This is the third part of our tour through the liqueurs currently available from broVo Spirits: the business of two young women (Erin Brophy and Mhari Voelsgen whose names combine in a kenning to make the name of the company) who cashed out their 401(k) accounts and burst on the scene with “single note botanical” spirits.
We’re told their spirits target the sophisticated cocktail crowd and tend to find their audience with women rather than men. It’s a new category, they say, very light on the sweetness and no glycerin. See our prior reviews with the Lemon Balm and the Rose Geranium.
BroVo Ginger Liqueur
Ginger is an herb with more tradition (and market competition) than broVo’s other flavors. It’s an herb most are familiar with. More importantly, ginger has a long tradition of being both a medicine and an aphrodisiac, two items of particular importance in our modern age and the latter being of especial importance to us. Ginger liqueurs tend to be spicy and used to punch up fruit-forward cocktails. We are familiar with ginger having tasted it many different settings as it grows in popularity.
Neat: we’re quite accustomed now to broVo products being designed for cocktails but it’s still worthwhile getting to know it all by itself, naked, in a glass. The nose is much sweeter and more floral than any other ginger spirit we’ve tried, which tend to be very much in-your-face. Tasting, we wouldn’t call it subtle but it’s still got the lithe quality that all broVo spirits seem to have and is a twinkle-toed compared to its competitors. Not at all spicy in a heat sense. A little ice improves it even more… perhaps not something to go out and purchase as a sipper but certainly the most shippable broVo we’ve had so far.
Ginger Pear Martini: one of our favorite cocktails is the Ginger Pear Martini, which uses pear nectar, vodka, and a ginger liqueur (often with a ginger sugar cube as garnish). Here, the ginger is just a little too subtle… these sorts of cocktails require a sharp punch to come through the nectar and the broVo is just a little too Gabrielle and not enough Xena. Good, very drinkable… but not remarkable.
Ginger Cocktail: the website suggests pairing with mint leaves, lemonade, and garnished with pickled ginger. We did everything but the mint. This is a winner. For a spirit typically designed for sophisticated cocktails, this is something that can be made by the jug and taken down to the beach, and drunk all day by all comers. Very accessible. Very good. The ginger adds a dash of spice and intrigue to the lemon that almost escapes notice but makes the whole much better. It’s like a good soundtrack on a movie. This was the best cocktail we tried and we feel folks would drink this nonstop.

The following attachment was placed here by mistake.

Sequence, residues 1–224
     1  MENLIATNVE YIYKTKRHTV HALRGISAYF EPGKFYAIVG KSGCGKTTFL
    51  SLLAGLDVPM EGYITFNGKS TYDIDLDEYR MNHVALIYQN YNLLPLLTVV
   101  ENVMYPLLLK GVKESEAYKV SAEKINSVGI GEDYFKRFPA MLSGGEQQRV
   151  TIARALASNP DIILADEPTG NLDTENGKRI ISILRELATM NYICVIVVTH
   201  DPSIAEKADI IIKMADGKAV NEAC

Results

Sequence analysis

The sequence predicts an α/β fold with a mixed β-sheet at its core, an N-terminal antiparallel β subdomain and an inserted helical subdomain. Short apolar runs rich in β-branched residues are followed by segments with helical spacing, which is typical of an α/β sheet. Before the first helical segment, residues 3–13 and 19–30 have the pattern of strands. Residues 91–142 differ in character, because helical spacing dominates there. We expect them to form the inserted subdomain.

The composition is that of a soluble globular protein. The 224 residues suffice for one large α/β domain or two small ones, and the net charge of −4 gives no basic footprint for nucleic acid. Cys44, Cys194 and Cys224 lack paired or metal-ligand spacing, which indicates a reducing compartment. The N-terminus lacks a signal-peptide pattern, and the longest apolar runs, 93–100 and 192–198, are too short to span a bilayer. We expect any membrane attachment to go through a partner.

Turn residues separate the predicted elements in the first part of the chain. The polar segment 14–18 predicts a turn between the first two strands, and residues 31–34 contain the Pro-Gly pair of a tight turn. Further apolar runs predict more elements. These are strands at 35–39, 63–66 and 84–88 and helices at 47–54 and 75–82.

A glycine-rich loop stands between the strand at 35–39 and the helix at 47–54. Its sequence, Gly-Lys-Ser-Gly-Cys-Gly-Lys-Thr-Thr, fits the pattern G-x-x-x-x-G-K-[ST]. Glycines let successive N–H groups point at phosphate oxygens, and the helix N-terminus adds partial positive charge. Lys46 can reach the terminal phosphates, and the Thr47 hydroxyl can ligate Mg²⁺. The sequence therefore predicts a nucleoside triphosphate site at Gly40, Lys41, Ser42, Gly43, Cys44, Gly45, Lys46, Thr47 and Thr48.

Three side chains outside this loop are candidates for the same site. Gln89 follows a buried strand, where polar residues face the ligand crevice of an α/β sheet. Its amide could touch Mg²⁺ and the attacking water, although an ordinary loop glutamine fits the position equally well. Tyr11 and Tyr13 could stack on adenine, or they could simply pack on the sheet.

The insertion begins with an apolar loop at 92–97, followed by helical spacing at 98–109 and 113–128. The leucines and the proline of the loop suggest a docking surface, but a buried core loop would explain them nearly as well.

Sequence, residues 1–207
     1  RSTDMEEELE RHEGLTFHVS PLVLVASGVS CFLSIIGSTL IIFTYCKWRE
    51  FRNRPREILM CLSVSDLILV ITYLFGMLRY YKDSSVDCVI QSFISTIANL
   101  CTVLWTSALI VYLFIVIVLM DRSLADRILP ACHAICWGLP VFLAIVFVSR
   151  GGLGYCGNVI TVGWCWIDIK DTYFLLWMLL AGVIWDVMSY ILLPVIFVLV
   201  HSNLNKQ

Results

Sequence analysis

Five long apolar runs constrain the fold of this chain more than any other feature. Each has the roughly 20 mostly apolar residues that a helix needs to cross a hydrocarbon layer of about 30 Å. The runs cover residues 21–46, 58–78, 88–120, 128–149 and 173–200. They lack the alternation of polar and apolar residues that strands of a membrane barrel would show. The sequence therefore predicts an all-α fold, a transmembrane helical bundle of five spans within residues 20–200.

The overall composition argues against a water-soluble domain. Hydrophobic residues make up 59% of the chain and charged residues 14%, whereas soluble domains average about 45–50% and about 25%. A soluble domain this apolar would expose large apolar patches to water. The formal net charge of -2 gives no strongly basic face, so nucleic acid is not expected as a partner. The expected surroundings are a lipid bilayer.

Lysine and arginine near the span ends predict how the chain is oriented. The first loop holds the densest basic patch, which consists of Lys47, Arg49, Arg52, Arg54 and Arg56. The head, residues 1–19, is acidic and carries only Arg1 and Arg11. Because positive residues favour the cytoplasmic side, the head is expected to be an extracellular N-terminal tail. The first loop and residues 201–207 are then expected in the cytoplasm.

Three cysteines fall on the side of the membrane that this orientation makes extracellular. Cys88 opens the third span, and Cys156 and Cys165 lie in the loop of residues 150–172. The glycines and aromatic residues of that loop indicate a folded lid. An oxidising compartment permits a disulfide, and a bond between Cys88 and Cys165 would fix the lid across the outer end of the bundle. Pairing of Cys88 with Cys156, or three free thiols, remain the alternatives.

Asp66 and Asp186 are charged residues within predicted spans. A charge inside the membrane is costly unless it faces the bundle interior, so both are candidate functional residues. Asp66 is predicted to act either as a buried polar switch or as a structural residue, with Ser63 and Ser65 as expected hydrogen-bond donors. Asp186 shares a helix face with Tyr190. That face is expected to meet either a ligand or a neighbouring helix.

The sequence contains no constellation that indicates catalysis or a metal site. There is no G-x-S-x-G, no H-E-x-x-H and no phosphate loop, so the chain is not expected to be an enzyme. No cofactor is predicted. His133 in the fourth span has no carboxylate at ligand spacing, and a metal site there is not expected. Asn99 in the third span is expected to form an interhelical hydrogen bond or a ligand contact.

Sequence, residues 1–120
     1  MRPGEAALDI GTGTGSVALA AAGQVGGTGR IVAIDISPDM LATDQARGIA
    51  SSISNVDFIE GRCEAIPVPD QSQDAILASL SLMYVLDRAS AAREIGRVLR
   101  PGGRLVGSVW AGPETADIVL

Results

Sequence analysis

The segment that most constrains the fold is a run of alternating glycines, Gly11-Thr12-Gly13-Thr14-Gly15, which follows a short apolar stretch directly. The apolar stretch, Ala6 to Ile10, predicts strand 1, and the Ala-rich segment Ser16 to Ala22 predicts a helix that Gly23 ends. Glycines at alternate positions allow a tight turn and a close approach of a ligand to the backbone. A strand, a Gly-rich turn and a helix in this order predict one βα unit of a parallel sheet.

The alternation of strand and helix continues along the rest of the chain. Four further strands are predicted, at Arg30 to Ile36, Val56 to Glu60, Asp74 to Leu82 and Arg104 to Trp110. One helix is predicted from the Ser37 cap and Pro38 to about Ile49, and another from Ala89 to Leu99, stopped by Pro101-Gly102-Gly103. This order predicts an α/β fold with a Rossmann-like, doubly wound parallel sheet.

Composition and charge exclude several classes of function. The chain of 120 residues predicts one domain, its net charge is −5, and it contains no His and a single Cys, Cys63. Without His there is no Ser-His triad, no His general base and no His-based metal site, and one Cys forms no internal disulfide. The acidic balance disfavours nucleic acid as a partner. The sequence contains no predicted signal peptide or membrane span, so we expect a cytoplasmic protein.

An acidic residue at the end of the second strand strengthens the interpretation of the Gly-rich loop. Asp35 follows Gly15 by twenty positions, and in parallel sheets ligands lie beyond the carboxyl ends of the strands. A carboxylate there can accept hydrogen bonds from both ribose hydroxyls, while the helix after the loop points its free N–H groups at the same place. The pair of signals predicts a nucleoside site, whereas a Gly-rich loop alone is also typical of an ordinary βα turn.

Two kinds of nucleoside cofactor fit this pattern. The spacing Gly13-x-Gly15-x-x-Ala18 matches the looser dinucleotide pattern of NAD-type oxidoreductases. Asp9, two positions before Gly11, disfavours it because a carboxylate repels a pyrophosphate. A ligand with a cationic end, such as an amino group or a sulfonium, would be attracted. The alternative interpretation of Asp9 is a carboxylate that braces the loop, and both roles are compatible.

Ginger and Coke: one trick we like to play with ginger-infused spirits is to take on the ubiquitous and rowdy Captain-and-coke crowd. People seem to like spice—often spiced rum—in their coke. Well, what about ginger in their coke? If the broVo can go toe toe with the Captain, then a world of possibilities open up. Well, we did it. We put this top-shelf, hand-crafted, organic liqueur in the chemical stew that is Coca-cola (and we’re sorry, Liquor Gods). This ended up not working out quite as well as we’d hoped. There’s not enough alcohol in it to give a punch and if you add rum to the mixture the ginger note gets lost. On its own, it’s a pleasant rum but not as good as premium spiced rums in Coke (though better than standard Captain Morgan). We’re sure broVo isn’t offended because their stuff probably isn’t designed for mixing with corn syrup sodas.
Ginger and RumChata: here’s one of our staff favorites. RumChata is one of the best cream liqueurs on the market (in our opinion) and we often serve it with a dusting of spice. What about a dusting of ginger? What if that “dusting” took the form of broVo liqueur? Mixing RumChata to broVo at about 3:1 was ridiculously good. We guess that a similar treatment with any cream liqueur would work nicely but with the cinnamon influenced RumChata, it added a touch of spice that made the whole thing just sickeningly, sinfully good.
Verdict: ginger’s a finicky mixer. In this case, it takes a particularly practiced hand to deal with the light and butterfly delicacy of the liqueur. It won’t work as an automatic replacement for ginger infused vodkas or more well-known, heavy-handed liqueurs. But mixed in the right proportions, it can lead to refreshing results.